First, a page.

Popularity and Leadership
By Carl Robinson, Ph.D., © 2008
Is leadership a popularity contest?
One of the most widely used methods for developing executives is the multi-rater feedback process commonly know as the 360 degree assessment. The theory is that the evaluations of your leadership effectiveness by the people who you work for, with and manage are valid indicators and predictors of your effectiveness as a leader. This information is also potentially useful in guiding your professional development.
One of my clients asked, “Isn’t a 360 nothing more than a popularity contest? Wouldn’t a tough but highly effective leader get low scores by anyone who was in the cross hairs of the executive being rated? Wouldn’t someone who pandered to people receive high scores, especially from those who would be most at risk if they were working for someone who demanded top performance and could care less what they think?”
There is some validity to that cynical view. A colleague of mine told me about working with an executive in a middle market company with several divisions and around 2,000 employees. My colleague worked with several of this company’s executives over a three-year period. In the process, he interviewed several dozen employees and executives. During that period he ran into one executive who everyone liked. He couldn’t find one person who had a bad thing to say about him. The common refrain was, “He is such a ‘nice guy’.” However, over time, my colleague kept hearing complaints, not about Mr. Nice Guy but, about two of the people who worked for him that were driving everyone else crazy. Those two employees (one was a mid-level exec and the other was an senior administrative assistant), acted like Prima Donnas. Other people would complain about them to each other and occasionally to Mr. Nice Guy who would always make excuses for them. After awhile, people just gave up and learned how to avoid or work around them. Not surprisingly, one of the cultural norms my colleague uncovered at this company was that in general, no one complained too loudly about anyone else.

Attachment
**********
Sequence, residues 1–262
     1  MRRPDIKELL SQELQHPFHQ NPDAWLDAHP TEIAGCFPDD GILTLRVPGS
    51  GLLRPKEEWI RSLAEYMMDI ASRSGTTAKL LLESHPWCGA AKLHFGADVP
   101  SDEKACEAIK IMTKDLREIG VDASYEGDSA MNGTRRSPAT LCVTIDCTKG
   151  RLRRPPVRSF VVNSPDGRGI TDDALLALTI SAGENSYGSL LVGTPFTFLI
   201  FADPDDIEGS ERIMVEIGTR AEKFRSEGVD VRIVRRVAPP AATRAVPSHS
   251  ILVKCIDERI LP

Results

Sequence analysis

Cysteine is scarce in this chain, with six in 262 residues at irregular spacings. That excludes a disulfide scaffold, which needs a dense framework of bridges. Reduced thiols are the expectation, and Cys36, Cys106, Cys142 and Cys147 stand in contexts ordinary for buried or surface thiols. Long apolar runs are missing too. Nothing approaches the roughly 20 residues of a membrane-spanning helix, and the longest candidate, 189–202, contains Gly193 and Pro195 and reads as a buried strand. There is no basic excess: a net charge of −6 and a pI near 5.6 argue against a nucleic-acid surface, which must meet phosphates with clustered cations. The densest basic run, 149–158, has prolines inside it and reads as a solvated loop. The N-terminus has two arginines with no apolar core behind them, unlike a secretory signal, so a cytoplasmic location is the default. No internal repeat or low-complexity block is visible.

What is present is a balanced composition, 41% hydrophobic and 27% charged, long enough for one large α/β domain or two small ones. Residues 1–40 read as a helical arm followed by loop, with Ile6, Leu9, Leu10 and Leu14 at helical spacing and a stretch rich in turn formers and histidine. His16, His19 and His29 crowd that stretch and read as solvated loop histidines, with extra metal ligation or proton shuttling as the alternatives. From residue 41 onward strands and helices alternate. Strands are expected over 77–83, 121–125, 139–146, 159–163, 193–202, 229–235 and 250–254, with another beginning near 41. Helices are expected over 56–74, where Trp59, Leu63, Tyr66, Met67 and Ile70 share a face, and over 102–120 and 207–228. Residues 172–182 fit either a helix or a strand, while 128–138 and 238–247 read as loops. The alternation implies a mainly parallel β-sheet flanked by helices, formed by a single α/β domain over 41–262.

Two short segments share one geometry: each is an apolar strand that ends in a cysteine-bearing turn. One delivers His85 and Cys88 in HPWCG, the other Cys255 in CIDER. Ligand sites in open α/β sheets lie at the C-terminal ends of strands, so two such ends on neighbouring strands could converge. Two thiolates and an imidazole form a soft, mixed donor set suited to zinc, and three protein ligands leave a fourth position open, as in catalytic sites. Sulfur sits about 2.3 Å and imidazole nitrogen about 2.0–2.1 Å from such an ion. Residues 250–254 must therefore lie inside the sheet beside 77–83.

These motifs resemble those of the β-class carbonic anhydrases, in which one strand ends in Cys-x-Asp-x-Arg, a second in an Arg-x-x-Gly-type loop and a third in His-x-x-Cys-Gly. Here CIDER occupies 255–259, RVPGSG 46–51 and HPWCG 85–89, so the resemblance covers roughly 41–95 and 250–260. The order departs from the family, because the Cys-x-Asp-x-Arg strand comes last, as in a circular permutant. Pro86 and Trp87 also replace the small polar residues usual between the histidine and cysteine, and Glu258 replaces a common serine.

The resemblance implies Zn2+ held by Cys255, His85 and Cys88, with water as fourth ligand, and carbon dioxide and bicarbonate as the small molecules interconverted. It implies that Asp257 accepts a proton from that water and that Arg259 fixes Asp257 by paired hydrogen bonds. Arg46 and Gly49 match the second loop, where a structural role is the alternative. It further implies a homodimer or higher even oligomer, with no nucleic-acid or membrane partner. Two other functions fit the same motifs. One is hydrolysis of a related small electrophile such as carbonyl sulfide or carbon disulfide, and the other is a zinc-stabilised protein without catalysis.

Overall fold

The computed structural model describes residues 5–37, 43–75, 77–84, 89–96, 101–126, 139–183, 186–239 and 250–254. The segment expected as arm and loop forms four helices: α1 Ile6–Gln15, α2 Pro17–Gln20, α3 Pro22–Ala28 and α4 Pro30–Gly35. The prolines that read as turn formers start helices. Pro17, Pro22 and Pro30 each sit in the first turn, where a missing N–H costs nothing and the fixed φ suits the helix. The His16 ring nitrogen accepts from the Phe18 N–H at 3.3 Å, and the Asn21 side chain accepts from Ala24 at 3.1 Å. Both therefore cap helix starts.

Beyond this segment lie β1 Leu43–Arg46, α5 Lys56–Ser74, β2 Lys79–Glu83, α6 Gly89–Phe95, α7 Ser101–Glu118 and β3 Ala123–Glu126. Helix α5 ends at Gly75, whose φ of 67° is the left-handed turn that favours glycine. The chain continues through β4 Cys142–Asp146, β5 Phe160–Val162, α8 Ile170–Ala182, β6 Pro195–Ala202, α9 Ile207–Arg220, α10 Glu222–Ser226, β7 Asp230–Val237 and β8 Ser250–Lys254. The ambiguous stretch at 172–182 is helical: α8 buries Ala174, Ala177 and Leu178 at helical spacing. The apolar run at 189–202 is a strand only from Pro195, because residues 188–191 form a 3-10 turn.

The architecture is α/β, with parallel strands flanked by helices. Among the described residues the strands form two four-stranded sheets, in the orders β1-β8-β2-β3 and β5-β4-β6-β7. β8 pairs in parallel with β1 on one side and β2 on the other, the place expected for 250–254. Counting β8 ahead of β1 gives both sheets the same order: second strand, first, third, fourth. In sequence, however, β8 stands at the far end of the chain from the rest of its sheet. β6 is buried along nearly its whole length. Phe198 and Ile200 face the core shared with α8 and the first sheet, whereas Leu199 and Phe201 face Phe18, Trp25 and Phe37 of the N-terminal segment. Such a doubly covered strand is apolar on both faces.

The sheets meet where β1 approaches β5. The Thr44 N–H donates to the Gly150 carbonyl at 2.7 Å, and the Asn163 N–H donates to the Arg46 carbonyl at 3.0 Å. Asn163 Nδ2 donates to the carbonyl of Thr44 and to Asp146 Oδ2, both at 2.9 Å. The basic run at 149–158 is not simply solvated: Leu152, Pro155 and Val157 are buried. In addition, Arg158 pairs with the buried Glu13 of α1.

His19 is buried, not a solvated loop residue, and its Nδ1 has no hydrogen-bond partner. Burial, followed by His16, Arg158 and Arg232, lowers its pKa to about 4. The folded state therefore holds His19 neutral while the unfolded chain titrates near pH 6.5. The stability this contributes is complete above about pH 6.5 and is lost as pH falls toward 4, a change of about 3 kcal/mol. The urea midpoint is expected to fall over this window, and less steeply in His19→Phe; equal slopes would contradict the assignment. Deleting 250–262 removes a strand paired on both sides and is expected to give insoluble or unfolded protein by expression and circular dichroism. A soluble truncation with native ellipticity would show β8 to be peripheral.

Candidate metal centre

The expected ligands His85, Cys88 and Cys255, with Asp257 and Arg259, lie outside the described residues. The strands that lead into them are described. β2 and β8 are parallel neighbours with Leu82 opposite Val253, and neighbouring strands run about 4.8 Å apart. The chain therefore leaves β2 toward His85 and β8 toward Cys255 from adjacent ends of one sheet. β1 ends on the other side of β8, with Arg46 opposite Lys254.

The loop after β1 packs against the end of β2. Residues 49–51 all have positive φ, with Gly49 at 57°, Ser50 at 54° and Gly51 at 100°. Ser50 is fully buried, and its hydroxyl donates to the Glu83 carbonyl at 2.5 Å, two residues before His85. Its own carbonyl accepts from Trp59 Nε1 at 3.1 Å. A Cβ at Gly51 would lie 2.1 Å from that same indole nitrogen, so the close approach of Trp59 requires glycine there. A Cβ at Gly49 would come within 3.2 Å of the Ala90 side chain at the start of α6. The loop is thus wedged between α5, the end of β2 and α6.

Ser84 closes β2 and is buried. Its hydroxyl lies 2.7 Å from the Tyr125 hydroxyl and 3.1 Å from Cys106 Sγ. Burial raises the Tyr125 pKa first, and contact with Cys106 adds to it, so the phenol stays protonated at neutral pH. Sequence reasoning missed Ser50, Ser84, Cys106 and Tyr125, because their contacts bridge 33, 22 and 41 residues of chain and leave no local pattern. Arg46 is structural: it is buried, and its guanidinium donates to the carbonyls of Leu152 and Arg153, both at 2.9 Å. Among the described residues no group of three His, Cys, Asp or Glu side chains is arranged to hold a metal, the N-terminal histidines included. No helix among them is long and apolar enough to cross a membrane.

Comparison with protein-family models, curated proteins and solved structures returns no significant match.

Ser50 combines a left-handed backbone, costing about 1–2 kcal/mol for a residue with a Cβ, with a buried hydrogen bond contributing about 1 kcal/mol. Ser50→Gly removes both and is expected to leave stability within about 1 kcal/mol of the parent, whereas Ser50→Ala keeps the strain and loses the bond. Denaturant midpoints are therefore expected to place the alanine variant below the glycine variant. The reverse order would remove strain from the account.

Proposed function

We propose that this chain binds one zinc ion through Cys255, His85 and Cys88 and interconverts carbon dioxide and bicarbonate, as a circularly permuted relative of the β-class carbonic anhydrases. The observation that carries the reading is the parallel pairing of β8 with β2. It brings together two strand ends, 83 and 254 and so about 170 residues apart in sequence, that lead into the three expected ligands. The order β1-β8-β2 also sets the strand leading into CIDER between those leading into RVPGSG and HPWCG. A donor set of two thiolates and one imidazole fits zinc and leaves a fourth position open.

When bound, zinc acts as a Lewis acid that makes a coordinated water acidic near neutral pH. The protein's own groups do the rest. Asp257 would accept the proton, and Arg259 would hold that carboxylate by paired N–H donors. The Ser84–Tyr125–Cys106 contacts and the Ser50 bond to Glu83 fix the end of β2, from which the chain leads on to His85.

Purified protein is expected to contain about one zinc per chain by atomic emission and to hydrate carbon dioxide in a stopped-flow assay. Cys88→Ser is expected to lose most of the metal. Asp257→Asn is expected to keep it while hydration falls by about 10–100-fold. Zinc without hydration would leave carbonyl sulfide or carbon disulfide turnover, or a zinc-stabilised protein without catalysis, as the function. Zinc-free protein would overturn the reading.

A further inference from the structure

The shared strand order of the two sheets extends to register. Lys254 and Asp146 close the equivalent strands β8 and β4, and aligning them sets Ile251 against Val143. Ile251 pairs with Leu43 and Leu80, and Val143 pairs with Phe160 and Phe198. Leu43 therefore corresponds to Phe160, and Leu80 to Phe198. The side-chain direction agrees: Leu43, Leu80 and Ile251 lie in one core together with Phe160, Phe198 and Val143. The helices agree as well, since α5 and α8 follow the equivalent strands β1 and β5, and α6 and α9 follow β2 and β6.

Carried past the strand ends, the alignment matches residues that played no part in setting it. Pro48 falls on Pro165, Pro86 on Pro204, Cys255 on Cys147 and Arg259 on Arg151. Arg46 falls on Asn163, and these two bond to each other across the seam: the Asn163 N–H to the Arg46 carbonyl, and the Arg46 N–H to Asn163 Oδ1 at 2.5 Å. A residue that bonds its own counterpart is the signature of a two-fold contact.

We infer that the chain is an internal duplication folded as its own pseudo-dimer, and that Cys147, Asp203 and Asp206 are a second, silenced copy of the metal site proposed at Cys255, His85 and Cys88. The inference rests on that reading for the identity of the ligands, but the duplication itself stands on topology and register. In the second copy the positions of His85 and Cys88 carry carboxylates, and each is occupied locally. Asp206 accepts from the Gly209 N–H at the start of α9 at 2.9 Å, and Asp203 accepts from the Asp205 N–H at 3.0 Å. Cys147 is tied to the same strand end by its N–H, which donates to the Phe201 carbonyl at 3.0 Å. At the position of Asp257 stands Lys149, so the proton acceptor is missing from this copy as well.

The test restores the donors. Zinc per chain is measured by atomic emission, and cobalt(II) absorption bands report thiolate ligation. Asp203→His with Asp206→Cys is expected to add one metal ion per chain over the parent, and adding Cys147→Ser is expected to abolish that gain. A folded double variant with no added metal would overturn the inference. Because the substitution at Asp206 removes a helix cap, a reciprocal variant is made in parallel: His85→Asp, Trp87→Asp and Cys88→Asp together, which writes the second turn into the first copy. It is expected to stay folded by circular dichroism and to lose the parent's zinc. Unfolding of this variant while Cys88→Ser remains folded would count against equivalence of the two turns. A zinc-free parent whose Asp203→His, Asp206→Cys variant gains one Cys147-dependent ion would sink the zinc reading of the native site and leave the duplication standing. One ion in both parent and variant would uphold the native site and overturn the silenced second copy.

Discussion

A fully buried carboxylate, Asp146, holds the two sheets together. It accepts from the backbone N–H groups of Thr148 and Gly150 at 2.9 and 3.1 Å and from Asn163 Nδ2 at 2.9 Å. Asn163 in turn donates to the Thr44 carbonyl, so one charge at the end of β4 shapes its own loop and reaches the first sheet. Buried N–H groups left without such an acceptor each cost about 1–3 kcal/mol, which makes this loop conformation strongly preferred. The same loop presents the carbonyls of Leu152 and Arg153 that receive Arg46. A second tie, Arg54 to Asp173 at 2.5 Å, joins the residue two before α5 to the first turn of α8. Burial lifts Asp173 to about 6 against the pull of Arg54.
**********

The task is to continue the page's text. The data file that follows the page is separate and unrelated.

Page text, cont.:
Well, when the head of Mr. Nice Guy’s division left, someone who was a bit abrasive, Mr. Nice Guy was selected to replace him. As you can guess, when the CEO surveyed employees and other executives in that division, all he heard was great things about Mr. Nice Guy. Except from my client who warned the CEO about Mr. Nice Guy’s difficulty in dealing with his problem employees. Popularity won out. The CEO wanted to counteract the effects of Mr. Nice Guy’s predecessors. As you might also guess, a year later, the division barely met it’s goals, but the recent employee engagement survey found that employees really like working there. Never mind that an additional two key executives and my colleague’s client from that division left for more challenging and rewarding organizations.
This is a round about way of saying that you better ask the right questions when conducting 360 type surveys or when asking for input on hiring and promotion decisions. In a previous executive briefing, I cited research conducted by Zenger and Folkman from their book, The Extraordinary Leader. They analyzed the results of over 200,000 360-feedback surveys conducted on 20,000 different executives. They discovered that there is a set of five critical competencies that executives in the top 10% of pack embody: Character, domain or technical competency, focused on results, interpersonal effectiveness (not just nice) and leading organizational change (they are not caretaker managers).
I strongly recommend, therefore, that you ask questions that help you determine how competent your executive is in those five critical competencies and be wary of "Mr. Nice Guys" when making critical promotion decisions.
You need to ask questions such as:
Effective leadership is not a popularity contest. It’s about achieving results with integrity. I'll talk more about integrity in a future issue.